Tag Archives: Guitar Player magazine

Blues Updae

Joe Bonamassa: Big, Ballsy, Dangerous!

In our ongoing series, Gibson.com examines the work of some Gibson guitar greats. Let’s get some gritty blues-rock with the tireless Joe Bonamassa…

Signature Sounds

Best Guitarist in the World Bonamassa’s critics say he doesn’t really have his own guitar “voice”. Thing is, Bonamassa is such a scholar of blues-rock he’s soaked it all up like a sponge. And wrings it all out with finesse.

“Initially, I had no clue that the Lonnie Johnsons and even the Robert Johnsons of the blues world existed. I just wanted to play like Paul Kossoff, Jeff Beck and Eric Clapton when he was in Cream,” he once told Guitar World. “As a 10-year-old, the subtleties of traditional blues are lost on you, especially after you hear Alvin Lee on “I’m Going Home” busting out the Gibson ES-335 with four double-stacked Marshalls. British blues was my favorite music, and it still is. It’s big and ballsy and dangerous, and that all appeals to me. The country blues came later.”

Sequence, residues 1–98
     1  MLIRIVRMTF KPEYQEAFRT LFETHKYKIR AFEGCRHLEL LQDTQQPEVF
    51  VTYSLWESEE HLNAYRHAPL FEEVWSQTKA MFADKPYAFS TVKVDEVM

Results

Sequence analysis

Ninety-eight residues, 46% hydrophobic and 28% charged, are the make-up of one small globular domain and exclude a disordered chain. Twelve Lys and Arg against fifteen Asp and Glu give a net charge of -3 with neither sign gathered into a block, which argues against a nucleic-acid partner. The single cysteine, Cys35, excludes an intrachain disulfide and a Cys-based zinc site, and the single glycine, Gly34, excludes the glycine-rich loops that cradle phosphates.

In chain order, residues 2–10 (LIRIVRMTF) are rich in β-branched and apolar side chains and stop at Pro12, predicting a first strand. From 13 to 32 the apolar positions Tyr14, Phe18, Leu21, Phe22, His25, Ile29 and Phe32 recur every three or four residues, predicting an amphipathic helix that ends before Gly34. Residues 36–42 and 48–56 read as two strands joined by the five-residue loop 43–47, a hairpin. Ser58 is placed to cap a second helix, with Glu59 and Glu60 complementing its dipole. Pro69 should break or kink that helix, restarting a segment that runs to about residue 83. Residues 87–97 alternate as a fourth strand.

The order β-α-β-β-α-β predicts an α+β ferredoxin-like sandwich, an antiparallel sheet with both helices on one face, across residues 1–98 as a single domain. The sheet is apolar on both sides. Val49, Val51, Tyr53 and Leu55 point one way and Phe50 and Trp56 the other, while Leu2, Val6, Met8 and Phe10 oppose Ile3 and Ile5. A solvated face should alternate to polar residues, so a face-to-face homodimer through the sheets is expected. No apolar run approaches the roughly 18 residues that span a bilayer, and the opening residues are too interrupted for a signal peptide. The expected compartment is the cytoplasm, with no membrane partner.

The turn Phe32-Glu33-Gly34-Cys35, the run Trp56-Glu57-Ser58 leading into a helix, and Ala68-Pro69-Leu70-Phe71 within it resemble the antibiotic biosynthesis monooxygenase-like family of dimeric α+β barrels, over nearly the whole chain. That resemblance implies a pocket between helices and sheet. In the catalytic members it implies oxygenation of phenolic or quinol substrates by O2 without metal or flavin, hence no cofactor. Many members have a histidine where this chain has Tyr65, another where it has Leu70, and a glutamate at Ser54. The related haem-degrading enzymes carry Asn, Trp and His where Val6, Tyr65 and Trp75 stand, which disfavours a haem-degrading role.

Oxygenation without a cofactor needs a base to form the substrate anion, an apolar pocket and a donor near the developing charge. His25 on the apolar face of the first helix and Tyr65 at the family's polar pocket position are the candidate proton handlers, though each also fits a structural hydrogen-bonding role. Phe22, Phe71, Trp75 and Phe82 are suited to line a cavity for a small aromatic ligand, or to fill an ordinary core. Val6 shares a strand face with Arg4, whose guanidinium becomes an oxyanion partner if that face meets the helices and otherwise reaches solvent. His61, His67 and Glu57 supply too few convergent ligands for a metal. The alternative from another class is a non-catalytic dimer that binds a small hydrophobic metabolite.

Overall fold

Best Guitarist JB’s usually modest about his melange of sounds: “I still feel I’m struggling to step into my own shoes as a musician,” he said recently. “Every day I work on refining my phrasing. Whenever I hear my playing, I can’t detach from my influences: there’s my Jeff Beck, there’s the Clapton bit, the Eric Johnson bit, the Birelli Lagrene bit, the Billy Gibbons…”

King Of Blues  told Guitarist magazine, “I love Muddy Waters, Robert Johnson and T-Bone Walker and stuff like that, but I couldn’t sit down. I was always forcing myself to listen to whole records by them, where I’d rather listen to Humble Pie do “I’m Ready” than Muddy Waters, you know? I think, the English interpretation of the blues just hit me a lot better, you know?”

If you want to think blues-rock soloing technique, Bonamassa reckons, “It’s all about the internal bends. A guitar is so tactile, and when you’re playing bends – and bending notes is a big part of my style – there are so many notes within the note you’re bending from and the note you’re bending up to. For me it’s about filtering out the bad notes and finding these little quarter-tones, as you drop down the bends, to make a very crisp statement that people can feel.”

In a nutshell, Bonamassa is about slow bends with sudden flurries of shred-like speed, spot-on intonation, fat tone, plus controlled feedback. Easy!

Joe Bonamassa and Gibson